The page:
4. Get educated! No matter what your age is, now is a good time to look at continuing your education. The American Opportunity Credit provides a tax credit as much $2,500 on the first $4,000 of qualifying tuition and other education expenses. Pay your spring semester tuition or purchase your books before December 31 and you could receive the benefit of extra tax credits (not a deduction!) for this year. This credit is scheduled to change to be less favorable in 2011, so try and maximize the benefits under this year’s rules if possible.

5. Fix-up your house. Making energy efficient improvements (windows, doors, furnaces and much more) and receive a 30 percent tax credit on the first $5,000 of qualifying property purchases (a $1,500 credit). These improvements must be installed by December 31 in order to count for the credit in 2010. Remember that if you already used up all of your credit in 2009, you are ineligible for tax benefits in 2010. If you only used part of the credit, you can still make improvements and take advantage of the unused portion yet this year.

These are simply brief overviews of some of the tax items that you should not only be thinking about, but also trying to take advantage of. There are many favorable tax provisions that will only be in place for a short while. Make sure to call your financial advisor.


Top Ten Year End Tax Ideas – Part One

December 23, 2010

1. Meet with your financial advisor or tax professional. They have a much better feel for your personal situation and can provide strategies for your circumstances. The following ideas, while they can provide significant tax benefits, may or may not make sense in your personal situation. There are so many variables to address that not all of the details can be covered in this article so remember to please consult a professional to maximize these ideas.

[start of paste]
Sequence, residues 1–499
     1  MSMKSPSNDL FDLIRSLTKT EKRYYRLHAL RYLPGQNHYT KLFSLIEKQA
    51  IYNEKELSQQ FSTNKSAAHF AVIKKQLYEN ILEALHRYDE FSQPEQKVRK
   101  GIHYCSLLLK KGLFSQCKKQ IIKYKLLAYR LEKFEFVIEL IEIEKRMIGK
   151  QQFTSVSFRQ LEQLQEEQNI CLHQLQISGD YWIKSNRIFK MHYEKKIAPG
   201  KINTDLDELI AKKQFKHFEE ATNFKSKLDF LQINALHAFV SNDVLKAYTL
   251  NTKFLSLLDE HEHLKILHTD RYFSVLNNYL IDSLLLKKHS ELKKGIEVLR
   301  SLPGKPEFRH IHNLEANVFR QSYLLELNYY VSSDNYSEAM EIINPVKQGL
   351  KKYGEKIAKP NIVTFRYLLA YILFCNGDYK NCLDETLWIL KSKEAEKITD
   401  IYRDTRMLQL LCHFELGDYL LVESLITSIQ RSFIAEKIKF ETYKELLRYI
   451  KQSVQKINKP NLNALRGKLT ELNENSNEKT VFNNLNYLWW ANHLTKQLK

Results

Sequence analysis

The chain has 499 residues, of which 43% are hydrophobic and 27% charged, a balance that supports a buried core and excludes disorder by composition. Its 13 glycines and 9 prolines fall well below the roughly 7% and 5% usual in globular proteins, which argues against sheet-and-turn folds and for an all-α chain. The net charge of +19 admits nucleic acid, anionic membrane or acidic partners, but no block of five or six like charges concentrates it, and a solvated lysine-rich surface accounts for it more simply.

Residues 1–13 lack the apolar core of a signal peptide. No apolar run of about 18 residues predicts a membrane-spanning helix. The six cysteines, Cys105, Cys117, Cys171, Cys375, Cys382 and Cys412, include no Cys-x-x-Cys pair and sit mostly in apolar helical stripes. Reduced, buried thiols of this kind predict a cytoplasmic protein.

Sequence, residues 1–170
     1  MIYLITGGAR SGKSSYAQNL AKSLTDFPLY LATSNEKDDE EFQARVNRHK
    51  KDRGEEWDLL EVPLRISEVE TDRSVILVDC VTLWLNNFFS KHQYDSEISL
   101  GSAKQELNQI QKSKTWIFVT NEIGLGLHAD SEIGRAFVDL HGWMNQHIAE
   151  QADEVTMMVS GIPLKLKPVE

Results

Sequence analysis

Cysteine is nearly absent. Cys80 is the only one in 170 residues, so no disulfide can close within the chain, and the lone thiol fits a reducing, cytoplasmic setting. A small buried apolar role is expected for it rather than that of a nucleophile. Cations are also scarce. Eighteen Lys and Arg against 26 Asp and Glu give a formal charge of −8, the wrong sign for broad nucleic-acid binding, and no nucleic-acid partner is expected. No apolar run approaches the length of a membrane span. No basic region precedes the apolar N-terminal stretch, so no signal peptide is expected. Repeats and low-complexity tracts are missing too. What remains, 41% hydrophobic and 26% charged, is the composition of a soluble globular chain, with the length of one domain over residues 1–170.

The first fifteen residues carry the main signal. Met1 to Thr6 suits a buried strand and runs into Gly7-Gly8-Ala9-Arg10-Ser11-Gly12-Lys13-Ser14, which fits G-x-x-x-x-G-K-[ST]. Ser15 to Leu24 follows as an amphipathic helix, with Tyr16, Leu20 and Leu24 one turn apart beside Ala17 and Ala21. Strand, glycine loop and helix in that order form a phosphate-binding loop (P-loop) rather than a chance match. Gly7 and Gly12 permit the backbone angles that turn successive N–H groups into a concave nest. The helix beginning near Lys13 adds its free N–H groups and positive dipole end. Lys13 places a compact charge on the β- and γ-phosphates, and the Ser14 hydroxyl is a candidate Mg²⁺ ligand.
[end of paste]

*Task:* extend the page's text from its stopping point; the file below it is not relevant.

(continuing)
2. Be charitable. Make a donation to your favorite charity by December 31. If your charity accepts credit cards, you could charge your donation before year-end to have it count for this year’s tax return.

3. Bunch your itemized deductions. If you are close to being able to “itemize deductions,” but not quite yet over the standard deduction, you might want to make extra charitable deductions, pay state or property taxes, pay January’s mortgage payment or medical expenses in December 2010 to take advantage of tax benefits without doing a whole lot of things differently, just timing your deductions to maximize your tax benefits.

4. Buy something. If you were planning on it anyway, make your purchase in December 2010 instead of January 2011. If you own a business, you should think about purchasing equipment or taking an extra trip to the office supply store to get more deductions this year.

5. Take some gains. Currently, long-term capital gains rates are at historically low rates of zero to 15 percent. It is likely these rates will go up in the future, so it might be beneficial to take advantage of what is currently available.

These are simply brief overviews of some of the tax items that you should not only be thinking about, but also trying to take advantage of. There are many favorable tax provisions that will only be in place for a short while. Make sure to call your financial advisor.


Tax-Smart Idea for Managing Your Portfolio #2:

February 23, 2009

Consider Investing in Municipal Bonds

Municipal bonds, or “munis” as they are frequently called, are bonds issued by state or local municipalities to fund public works projects such as new roads, stadiums, bridges or hospitals. A municipal bond can also be issued by legal entities such as a housing authority or a port authority. For this reason, municipals can be an excellent way to invest in the growth and development of your community.

In addition, because the interest earned on municipal bonds is exempt from federal income taxes and may be exempt from state and local taxes (if they are purchased by residents of the issuing municipality), munis have the potential to deliver higher returns on an after-tax basis than similar taxable corporate or government bonds. What this means is that although the interest paid on municipal bonds is typically a lower percentage than is paid on taxable bonds, because it is tax free, it is, in effect, not as low as it appears. A simple calculation known as the “taxable-equivalent yield” can be used when considering an investment in a municipal bond.

For instance, if your income tax rate is 35%, a municipal bond paying 5% interest is actually a better investment than a taxable bond paying interest at 7.7%. Thus, for investors in a high tax bracket, the benefits of using municipal bonds in a fixed-income portfolio can be significant. Municipal bonds are subject to availability and change in price. Subject to market and interest rate risk if sold prior to maturity. Bond values will decline as interest rate rise. Interest income may be subject to the alternative minimum tax. Federally tax-free but other state and local taxes may apply.

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Securities offered through LPL Financial, Member FINRA/SIPC. Advisory services offered through Wealth Enhancement Advisory Services, a registered investment advisor.